Many people look forward to Halloween as a time to carve pumpkins, dress up in a costume or hand out candy to trick-or-treaters. But for people who have been convicted of a sex offense, Halloween can be just another reminder that they made a mistake and are still paying the price for it.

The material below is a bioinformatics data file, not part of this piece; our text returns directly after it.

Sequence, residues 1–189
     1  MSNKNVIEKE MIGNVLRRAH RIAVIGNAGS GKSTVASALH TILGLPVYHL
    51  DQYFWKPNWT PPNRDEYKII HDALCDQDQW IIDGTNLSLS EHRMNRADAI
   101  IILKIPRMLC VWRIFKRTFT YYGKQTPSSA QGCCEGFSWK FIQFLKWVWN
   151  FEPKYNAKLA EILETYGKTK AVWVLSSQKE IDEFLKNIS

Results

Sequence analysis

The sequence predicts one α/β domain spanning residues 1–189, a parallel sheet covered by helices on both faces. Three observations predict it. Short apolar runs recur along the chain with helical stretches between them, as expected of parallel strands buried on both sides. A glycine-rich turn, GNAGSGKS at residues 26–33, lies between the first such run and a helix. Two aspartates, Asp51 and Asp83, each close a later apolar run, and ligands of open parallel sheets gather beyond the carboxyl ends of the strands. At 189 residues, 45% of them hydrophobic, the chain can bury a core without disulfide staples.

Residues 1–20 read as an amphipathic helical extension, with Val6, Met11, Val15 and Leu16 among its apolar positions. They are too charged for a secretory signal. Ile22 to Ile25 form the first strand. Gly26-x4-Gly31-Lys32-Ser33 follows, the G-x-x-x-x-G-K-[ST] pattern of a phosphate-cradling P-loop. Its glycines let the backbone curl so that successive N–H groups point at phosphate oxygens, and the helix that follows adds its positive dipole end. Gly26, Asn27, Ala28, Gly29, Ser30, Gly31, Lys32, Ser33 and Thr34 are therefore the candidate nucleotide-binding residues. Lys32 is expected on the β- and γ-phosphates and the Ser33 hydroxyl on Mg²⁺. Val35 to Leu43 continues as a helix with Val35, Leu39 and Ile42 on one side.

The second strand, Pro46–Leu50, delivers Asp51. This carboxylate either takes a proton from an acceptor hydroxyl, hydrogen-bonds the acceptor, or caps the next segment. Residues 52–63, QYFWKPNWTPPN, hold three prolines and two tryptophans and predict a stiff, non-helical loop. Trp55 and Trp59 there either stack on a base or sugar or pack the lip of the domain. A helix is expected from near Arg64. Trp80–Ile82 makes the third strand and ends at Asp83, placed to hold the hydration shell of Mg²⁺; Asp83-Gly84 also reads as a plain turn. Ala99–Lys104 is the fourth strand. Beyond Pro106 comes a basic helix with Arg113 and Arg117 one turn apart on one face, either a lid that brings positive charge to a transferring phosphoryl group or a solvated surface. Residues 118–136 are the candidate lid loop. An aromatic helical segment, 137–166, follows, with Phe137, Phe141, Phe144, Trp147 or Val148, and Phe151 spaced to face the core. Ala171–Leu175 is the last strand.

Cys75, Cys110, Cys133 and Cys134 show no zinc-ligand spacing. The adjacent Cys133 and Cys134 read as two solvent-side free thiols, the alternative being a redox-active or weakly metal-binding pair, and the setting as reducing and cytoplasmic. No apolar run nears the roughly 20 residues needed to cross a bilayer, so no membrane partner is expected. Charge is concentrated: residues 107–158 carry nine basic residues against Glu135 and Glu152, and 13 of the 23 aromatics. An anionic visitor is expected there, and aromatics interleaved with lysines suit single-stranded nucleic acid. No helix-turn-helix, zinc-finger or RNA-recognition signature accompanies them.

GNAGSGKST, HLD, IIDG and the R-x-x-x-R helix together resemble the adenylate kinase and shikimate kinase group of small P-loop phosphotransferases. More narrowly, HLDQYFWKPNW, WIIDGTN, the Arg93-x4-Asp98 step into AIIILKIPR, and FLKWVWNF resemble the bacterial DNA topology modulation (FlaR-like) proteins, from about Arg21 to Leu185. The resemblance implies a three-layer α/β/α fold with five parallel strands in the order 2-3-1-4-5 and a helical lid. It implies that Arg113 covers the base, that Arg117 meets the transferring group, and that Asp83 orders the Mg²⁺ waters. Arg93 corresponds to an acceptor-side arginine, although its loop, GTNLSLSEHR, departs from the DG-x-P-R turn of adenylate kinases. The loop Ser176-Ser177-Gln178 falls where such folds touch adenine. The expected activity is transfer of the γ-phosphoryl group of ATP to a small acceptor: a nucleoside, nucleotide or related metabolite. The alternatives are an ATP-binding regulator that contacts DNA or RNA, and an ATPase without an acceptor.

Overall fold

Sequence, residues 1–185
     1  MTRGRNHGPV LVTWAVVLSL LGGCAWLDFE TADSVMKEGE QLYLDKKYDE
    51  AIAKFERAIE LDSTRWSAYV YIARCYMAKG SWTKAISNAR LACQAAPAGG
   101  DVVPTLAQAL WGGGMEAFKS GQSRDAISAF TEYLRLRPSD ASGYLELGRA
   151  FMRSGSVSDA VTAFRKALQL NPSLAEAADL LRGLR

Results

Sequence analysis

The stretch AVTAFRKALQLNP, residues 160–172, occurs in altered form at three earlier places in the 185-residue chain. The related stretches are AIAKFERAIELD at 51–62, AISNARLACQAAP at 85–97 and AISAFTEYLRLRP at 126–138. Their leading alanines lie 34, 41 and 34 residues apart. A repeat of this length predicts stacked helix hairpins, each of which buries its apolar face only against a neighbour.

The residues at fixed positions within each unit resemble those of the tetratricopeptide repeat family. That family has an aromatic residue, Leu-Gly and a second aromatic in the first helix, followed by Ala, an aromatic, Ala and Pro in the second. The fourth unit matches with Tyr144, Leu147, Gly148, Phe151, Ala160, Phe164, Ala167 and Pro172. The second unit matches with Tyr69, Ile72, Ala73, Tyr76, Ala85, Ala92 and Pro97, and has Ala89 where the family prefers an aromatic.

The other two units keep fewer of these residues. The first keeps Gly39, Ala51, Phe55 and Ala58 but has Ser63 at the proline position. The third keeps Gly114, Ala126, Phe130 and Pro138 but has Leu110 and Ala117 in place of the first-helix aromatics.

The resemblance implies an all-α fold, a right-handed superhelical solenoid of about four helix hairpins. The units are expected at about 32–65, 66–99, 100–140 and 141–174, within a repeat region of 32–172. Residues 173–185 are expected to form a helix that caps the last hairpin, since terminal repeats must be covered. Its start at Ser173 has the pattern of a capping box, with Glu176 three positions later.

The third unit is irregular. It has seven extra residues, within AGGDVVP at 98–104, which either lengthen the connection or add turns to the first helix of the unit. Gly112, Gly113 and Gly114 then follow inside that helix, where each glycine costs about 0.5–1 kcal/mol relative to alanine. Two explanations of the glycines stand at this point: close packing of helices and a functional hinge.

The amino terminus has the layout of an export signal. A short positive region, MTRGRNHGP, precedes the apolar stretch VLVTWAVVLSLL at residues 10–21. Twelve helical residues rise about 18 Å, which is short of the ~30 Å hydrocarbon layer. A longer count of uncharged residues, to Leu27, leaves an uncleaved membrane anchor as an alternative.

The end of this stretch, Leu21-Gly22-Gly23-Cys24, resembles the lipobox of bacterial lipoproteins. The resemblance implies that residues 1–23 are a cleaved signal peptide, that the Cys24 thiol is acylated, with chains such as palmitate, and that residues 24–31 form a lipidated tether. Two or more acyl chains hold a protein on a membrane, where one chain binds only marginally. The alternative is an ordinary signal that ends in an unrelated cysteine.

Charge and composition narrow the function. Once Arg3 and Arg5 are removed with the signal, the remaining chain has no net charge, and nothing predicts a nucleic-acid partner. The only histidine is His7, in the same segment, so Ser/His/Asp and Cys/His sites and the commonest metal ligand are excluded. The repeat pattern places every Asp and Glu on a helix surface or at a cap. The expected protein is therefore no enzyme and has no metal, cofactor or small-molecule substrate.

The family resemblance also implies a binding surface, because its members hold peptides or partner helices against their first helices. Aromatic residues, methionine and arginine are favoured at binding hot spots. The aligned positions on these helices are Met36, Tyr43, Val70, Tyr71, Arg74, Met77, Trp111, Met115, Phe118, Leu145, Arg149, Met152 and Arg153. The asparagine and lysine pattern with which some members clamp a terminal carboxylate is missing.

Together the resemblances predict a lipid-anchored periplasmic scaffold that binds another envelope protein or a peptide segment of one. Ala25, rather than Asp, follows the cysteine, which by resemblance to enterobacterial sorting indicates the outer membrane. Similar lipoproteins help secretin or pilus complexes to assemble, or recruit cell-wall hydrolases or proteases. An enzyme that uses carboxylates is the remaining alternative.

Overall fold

Numerous states in the U.S., including Florida, have laws that limit the activities of sex offenders on Halloween. Some states require people who are registered as sex offenders to put out a sign saying "No candy;" other states permit police to randomly check on registered sex offenders to make sure they are home and don't have their lights on; in Florida, paroled sex offenders are prohibited from wearing a costume on Halloween or passing out candy. All these measures are aimed at protecting people and preventing recidivism, but are they even effective?